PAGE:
If you have recently moved to The Netherlands, it can take some time to adapt to your new surroundings. We have put together some information to help those of you who already live in or intend to move to The Netherlands. Whilst every care has been taken in preparing this information as accurately as possible, the Embassy cannot accept any liability for the information contained here.
A. You should get a European Health Insurance Card (EHIC) from your local health board before you travel to the Netherlands. The EHIC replaces the E111 form, and allows the bearer to avail of emergency health care in all EU Member States and in Switzerland. Please see www.ehic.ie for further details. Please also note that the EHIC card only entitles you to emergency health care. You should also consider getting private health insurance.
B. If you are in receipt of social benefit in Ireland, you might be able to continue to claim some of it while you seek employment in the Netherlands. For further information, contact your local Social Welfare office before you leave Ireland. Please note, however, that not all types of social benefit are transferable in this way. Please see www.welfare.ie for details on how to find your local Social Welfare office.
If you have questions about your PRSI status if you are posted abroad by your employer, please also contact the Department of Social and Family Affairs www.welfare.ie
C. Write to the following address and ask for a (free) copy "Social Security for Migrant Workers - The Netherlands", Voorlichtingscentrum Sociale Verzekering, Rhijnspoorlaan 1, 1091 GC Amsterdam, Telephone: +31.20.597.97.97.
D. Check with the Information Office of the European Commission in Dublin, 39 Molesworth Street, Dublin 2, Telephone: +353.1.671.22.44. See also http://citizens.eu, or call 00800.6789.1011 for free, from anywhere in the European Union.
E. Dutch Social Security numbers (called "sofi" numbers) are available from your local tax office (belastingkantoor). To get one, you must first be registered with the Municipal authorities. Please see section below for details on how to do this.
The system of registration in The Netherlands is very different to the system in Ireland. For example, The Netherlands maintains a population register, in which the details of every person living in the country are recorded. For administrative purposes, The Netherlands is divided into Municipalities ("gemeente" in Dutch), which maintain the population register.
Irish citizens who want to live in The Netherlands should register with the Municipal Population Register (bevolkingsregister). To do so, you should contact the Municipal authorities in the area where you intend to live. Each Municipality has slightly different requirements, but most of them broadly operate as follows:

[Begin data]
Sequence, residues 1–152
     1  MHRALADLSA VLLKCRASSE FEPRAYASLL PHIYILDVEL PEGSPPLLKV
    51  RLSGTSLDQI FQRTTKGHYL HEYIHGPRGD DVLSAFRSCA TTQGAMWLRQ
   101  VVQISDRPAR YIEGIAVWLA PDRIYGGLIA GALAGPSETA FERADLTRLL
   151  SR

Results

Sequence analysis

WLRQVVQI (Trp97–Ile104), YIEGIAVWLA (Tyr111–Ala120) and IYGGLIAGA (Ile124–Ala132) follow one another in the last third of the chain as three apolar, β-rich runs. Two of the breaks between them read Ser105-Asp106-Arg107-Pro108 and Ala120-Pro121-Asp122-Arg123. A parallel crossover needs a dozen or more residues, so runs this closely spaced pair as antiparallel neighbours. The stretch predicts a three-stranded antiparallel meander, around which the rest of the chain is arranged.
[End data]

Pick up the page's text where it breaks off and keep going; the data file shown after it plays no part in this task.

a) Immigration Police (Vreemdelingenpolitie/vreemdelingendienst)
The first step is to report to the Immigration Police (sometimes called the "Alien's Police") in the Municipality where you intend to live and explain that you want to register with the Municipal authorities. The Immigration Police will place a sticker in your passport which indicates that you have reported to them.
b) Population Register Section (Afdeling Bevolking)
The population register section in the Municipality will ask you for a number of different documents, including, but not limited to: your valid Irish passport, civil certificates indicating your status (i.e. birth certificates, marriage certificates, etc.), a signed lease of mortgage contract, indicating that you are living in the region administered by that Municipality, a letter from your employer/college/school. Some Municipality may also ask you to provide evidence of your civil status in the form of a Certificate of Status. The Embassy can provide you with a Certificate of Status. Please note that the Embassy cannot furnish you with birth or marriage certificates.
If you are moving to The Netherlands to study, please contact the Registration Section in your college/university for information on how to register.
If you are moving to The Netherlands to establish your own business, please contact the Dutch Chamber of Commerce (Kamer van Koophandel - www.kvk.nl) and The Netherlands Embassy in Dublin.
The Netherlands has a very different system of official registration than in Ireland, and at first, it might seem a bit bewildering. However, it is definitely worth taking the time to register yourself properly with the appropriate authorities as soon as possible after your arrival, and the Embassy strongly recommends that you do so. That said, as EU citizens, Irish nationals are not legally obliged to apply for a Dutch Residence Permit.
Please note that the list above is for indication only - in all cases, you should speak directly to your local Municipality to see what documents they want from you.